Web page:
Finally, I came to completely naked, standing in my living room with two of my friends, newer friends but still, friends, standing there staring at me and I just thought, Why? Why don't you go home? I don't want you to see this. Thankfully, I blacked out again.
The next morning, I woke up on my hobo mattress -- no sheets, just the blanket wrapped around me, staring at the huge mound of dirty clothes at the foot of the bed, having puked on the floor. I was wearing a bra still but my beautiful sweater was off, the one with the metallic green thread and the jewel-like buttons. It lay on the edge of the vomit, mixed into it, sort of, and I thought, No wonder no one's here for this. No wonder I'm alone. Who could see this? Who could I share this with?
And I thought, God, this sucks.
And a voice answered, in my head, as plain as day, Yeah, it does.
That was the beginning of my spiritual awakening.
That was the beginning of a new relationship with my Higher Power.
Because I'd always believed in God. I just thought God was way out in the Universe. I thought God was like a star, and I was an ant. That we were that far apart.
I thought God could barely hear me, let alone help me. God had never helped me, as far as I could see, and I had been asking for help my entire life.
Now it's years later. Over a decade. And I'm still working on it. Still building this connection with a Higher Power.
I know a lot of people struggle with the idea of God. That's ok. You don't have to believe in anything in particular.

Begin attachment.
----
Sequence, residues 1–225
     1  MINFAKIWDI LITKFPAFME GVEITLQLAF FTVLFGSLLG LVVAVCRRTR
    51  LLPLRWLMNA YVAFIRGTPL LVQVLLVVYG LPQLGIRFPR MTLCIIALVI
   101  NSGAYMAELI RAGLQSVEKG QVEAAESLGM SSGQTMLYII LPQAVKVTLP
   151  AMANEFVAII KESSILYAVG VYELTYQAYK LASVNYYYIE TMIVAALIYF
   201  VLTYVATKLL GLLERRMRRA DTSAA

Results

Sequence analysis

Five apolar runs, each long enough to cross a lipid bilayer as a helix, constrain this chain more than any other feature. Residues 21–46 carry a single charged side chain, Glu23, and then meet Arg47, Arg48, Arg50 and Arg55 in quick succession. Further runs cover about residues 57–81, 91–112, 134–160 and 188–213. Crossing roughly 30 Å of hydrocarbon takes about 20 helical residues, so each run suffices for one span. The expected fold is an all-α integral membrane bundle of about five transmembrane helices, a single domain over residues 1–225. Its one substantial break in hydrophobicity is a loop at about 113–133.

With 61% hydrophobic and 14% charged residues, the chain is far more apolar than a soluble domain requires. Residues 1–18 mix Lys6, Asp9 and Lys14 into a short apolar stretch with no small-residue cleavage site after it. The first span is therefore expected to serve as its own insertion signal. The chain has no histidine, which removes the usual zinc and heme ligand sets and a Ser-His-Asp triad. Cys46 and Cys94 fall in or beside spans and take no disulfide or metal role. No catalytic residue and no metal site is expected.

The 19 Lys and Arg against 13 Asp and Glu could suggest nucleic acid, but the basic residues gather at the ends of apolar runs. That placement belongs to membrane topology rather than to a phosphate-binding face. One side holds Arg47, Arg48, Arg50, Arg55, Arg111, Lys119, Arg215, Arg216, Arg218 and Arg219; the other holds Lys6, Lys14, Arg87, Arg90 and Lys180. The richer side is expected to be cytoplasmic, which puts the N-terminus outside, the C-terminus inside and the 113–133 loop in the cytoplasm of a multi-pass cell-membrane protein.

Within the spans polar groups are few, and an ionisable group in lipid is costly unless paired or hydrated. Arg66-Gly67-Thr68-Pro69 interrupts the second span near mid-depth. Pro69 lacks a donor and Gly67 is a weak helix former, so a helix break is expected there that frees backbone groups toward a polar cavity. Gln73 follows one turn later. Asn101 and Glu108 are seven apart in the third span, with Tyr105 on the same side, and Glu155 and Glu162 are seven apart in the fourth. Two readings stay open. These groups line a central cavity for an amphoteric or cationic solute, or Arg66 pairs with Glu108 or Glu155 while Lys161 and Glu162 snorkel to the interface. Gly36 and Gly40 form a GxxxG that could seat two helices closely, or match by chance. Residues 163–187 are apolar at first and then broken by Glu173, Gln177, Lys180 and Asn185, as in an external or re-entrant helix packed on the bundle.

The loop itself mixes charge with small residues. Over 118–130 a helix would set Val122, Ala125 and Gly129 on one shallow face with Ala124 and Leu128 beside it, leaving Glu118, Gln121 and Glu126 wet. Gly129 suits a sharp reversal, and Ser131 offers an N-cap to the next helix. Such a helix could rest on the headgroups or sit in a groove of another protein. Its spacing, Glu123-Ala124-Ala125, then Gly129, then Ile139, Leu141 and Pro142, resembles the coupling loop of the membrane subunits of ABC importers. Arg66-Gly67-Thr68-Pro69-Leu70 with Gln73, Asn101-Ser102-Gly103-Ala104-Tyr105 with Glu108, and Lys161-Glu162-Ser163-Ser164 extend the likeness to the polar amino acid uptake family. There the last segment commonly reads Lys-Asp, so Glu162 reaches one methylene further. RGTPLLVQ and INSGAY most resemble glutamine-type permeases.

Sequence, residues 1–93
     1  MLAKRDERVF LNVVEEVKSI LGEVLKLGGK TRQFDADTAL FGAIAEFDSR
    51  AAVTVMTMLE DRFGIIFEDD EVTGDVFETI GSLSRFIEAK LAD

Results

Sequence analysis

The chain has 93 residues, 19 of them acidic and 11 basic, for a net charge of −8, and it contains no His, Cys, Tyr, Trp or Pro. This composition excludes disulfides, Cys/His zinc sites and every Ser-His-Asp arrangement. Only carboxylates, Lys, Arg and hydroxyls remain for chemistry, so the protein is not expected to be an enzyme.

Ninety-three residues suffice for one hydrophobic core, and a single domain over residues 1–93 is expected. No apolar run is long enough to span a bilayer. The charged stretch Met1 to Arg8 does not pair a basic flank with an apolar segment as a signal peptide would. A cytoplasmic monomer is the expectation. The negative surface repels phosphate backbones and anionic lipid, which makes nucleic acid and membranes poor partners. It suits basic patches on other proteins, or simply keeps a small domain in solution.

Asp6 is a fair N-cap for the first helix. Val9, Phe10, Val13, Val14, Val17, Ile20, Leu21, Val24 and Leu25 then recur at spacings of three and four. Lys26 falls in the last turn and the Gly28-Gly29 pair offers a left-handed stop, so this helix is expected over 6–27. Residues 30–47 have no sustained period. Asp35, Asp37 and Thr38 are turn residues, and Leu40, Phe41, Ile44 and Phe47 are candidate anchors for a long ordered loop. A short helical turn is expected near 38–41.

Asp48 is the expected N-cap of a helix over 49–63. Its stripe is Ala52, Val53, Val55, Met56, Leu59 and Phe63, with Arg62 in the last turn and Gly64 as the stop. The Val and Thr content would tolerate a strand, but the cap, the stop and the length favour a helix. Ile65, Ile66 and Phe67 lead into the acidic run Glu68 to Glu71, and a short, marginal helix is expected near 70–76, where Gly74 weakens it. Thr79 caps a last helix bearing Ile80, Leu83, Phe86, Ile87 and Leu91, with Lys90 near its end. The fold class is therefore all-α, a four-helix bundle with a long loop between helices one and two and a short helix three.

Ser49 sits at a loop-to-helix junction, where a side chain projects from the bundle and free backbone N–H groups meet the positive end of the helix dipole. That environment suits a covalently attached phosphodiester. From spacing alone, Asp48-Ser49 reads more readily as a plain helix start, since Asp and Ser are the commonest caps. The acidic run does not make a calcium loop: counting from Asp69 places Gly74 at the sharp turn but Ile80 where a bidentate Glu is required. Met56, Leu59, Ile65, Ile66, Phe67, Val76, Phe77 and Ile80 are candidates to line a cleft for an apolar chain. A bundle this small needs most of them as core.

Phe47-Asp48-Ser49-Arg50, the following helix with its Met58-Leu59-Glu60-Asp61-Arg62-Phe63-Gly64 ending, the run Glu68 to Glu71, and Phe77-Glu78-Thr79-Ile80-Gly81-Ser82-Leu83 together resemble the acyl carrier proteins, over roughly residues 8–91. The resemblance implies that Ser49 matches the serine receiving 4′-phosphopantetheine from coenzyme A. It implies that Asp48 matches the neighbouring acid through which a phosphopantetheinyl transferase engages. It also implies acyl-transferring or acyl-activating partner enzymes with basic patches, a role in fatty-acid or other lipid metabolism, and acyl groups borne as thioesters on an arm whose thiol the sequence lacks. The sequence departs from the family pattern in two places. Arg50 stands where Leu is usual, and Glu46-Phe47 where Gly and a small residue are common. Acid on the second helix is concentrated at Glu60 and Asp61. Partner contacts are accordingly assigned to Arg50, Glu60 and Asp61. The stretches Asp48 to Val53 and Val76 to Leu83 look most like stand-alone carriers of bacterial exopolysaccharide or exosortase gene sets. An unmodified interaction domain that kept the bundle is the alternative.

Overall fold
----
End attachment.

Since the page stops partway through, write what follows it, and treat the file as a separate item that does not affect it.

But if you want to connect with something bigger than yourself, it's possible.
This is just my experience. I know this is blasphemy to some people. But I trust God. I trust that if there is only one way, only one path to God, I trust that God will find me.
But I get to show up, exactly as I am. I don’t have to lie and say I believe things I don’t believe in order to connect with God.
I met someone who said suspiciously, “It sounds like you’re talking about Unitarian Universalism,” and then got sort of a bored look on his face and told me his baptism story and how he felt God’s love wash over him in that moment when he was ten years old. He said, “So I KNOW God is real.”
I’ve felt God’s presence, too. It just didn’t happen in the context of a specific religious ritual so I don’t associate God with a particular religion. I think God is bigger than all that. God is big and wide. God is as wide as the whole world.
And God is bigger than the world. Whatever we imagine God to be, God is bigger than that. That’s the nature of God.
God’s here for us, in all these guises. God is in the specific and in the abstract.
However you connect with God is good enough. And if you want more from that relationship, you can use the tools others have used. You can pray, even if you don’t know what you’re praying to. You can ask for help, or say thank you.
Your relationship with God is just that - it’s yours. You get to build that connection. You get to carry it out in whatever ways are right for you.
If you’ve found just the right tools, that’s awesome. And then they’ll change. You’ll need something else. That’s how we are. What worked one day doesn’t always work the next.
But for today, I’m just offering you my story. This is how I came to God. Through a disaster.
With honesty and our own experiences, we can find a Higher Power that works for us. We can find God in ways that are right for us. And we can build from there.